How I Spent My Summer Vacation
My ex-husband moved. Dear readers, those of you who assured me that the Cottage Formerly Known as Dream was not the answer to all my prayers were absolutely correct. Had I gotten what I wanted back in 2010, I would have been out on the street in 2013. “The landlords need me out by July, so their daughter can move in,” my ex-husband told me back in May, sounding a bit frantic.
A happy, self-actualized, independent ex-wife would have left him to sort the particulars of his own life out. A happy, self-actualized, independent ex-husband would have been capable of sorting his own particulars. I wonder, sometimes, whether fucked-up marital relationships are doomed to persist, forever and ever, as long as the ex-spouses continue to interact. I bring out the worst in my ex-husband, I fear, and he brings out the absolute worst in me.
So, and predictably, I became obsessed with his move. I scoured Craigslist and the classified section of our tiny town’s tiny weekly newspaper, which he stubbornly refused to look at. I found him a house nearby. I found another. I found a third. Some he looked at, some he ignored, all were unsatisfactory. Eventually, he found a house in a town half an hour away–a town where he knows no one, a town that is moderately convenient to the children’s school and not at all convenient to my house nor to his lab. He took the children to look at it, signed a lease, and I went quietly ballistic.
What the fuck, I said to myself (and to my boyfriend, and to consoling-windows friend, and everyone who crossed paths with me, and anyone who foolishly picked up the phone when I called) was his problem? Had he forgotten that the children spend the whole summer with me, all day every day, and that our older son’s job and our younger son’s half-assed half-day camp both were located here, in my town, half an hour away from his new house? Was he planning to drive them every single morning over to me by eight thirty a. m.? Was he then planning to pick them up after work at my house, when he deigned to come and get them for “his” evenings? What about when school started? Had he forgotten that school ends in the afternoon, and he doesn’t get home till evening? What about sports? Had he forgotten that he leans heavily on the kindness of neighbors with children on our kids’ teams, who drive them to and fro when he doesn’t want to?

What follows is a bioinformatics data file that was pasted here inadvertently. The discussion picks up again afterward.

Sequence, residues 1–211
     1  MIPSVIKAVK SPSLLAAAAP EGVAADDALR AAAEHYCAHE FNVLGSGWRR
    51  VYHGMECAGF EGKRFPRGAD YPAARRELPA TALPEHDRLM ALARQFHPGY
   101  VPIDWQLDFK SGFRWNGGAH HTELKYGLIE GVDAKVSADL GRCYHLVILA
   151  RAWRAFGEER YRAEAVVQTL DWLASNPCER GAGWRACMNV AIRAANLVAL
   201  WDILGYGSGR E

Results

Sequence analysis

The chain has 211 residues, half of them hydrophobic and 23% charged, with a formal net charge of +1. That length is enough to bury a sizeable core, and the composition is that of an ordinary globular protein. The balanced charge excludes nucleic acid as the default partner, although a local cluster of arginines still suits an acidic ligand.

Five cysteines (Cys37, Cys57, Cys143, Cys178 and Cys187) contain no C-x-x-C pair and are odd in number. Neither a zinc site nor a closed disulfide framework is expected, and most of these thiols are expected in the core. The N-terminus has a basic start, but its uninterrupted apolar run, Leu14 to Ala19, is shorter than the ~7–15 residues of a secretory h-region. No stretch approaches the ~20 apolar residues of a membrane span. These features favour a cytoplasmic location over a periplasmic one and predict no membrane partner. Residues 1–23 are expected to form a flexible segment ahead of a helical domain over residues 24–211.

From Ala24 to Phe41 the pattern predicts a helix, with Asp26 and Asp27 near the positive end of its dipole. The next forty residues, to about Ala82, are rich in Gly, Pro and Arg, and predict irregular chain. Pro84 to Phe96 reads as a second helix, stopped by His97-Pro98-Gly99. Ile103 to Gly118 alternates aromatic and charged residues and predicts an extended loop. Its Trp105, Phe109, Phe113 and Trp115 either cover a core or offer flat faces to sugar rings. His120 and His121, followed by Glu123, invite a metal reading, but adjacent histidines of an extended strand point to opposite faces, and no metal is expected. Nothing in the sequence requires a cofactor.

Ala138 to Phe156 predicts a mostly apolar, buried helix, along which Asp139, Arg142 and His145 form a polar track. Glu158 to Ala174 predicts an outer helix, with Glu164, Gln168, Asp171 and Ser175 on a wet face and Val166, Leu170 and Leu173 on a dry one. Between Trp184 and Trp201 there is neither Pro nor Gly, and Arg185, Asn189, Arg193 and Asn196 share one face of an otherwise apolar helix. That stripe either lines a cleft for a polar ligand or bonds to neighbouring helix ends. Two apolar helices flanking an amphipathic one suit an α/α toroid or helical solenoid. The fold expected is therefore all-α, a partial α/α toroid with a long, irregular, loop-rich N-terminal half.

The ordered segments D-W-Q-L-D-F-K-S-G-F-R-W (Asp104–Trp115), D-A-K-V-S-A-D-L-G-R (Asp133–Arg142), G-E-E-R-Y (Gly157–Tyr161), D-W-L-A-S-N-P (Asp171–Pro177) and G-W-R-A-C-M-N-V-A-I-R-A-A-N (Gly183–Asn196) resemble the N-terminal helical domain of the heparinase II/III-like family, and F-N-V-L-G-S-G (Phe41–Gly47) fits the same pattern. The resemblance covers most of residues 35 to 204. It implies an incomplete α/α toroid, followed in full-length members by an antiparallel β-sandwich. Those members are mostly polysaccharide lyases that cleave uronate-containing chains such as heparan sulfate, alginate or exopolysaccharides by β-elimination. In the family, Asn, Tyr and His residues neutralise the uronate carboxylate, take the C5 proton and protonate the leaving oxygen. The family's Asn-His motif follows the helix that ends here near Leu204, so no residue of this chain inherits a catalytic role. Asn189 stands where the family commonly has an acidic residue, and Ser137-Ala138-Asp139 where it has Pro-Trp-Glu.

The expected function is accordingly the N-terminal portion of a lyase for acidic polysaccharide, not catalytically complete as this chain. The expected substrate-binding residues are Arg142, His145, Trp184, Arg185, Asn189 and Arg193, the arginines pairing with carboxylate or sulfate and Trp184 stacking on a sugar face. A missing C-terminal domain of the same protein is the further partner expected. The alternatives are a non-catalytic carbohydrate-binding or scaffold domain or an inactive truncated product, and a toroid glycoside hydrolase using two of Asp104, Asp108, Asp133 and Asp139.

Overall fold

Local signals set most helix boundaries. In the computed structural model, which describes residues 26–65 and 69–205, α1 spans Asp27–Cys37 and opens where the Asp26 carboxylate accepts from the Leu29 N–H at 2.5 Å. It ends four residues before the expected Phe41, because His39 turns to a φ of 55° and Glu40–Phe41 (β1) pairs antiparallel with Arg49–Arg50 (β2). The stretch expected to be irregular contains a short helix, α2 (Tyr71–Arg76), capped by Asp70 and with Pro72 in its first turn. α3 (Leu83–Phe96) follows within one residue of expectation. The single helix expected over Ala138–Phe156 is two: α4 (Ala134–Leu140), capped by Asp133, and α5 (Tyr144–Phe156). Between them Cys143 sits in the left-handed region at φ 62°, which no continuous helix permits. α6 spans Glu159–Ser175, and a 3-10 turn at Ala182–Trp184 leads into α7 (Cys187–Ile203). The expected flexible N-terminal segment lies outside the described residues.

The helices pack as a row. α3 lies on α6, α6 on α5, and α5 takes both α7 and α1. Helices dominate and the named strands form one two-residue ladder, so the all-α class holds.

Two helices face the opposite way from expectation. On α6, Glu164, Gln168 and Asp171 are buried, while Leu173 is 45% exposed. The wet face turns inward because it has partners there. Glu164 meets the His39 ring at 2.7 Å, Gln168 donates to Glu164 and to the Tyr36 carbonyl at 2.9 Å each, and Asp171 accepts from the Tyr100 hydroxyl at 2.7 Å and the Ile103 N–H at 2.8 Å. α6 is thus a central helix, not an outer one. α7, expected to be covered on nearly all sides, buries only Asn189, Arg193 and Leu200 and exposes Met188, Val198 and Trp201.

I raged, I fumed, I counted the ways he was an imbecile. And then I woke up one morning, after weeks of this, and thought, what the hell. It’s his stupid life to lead wherever he wants, and it’s not the end of the world
So the moral of the story is that I’m a bossy domineering jerk. Getting bent out of shape was a waste of time and energy. Besides, it probably gave me shingles.
Surrounded By Children
The kids were with me every day all summer. They talked non stop and ate like locusts and made it impossible to get work done, but I was in such a state, most of the time, that I didn’t care. I wish I could say that they were a glorious distraction, that they sensed that I was out of sorts and tense and sad, but they were oblivious, which is (I suppose) a good thing. You don’t want your kids worrying about you, tiptoeing around you.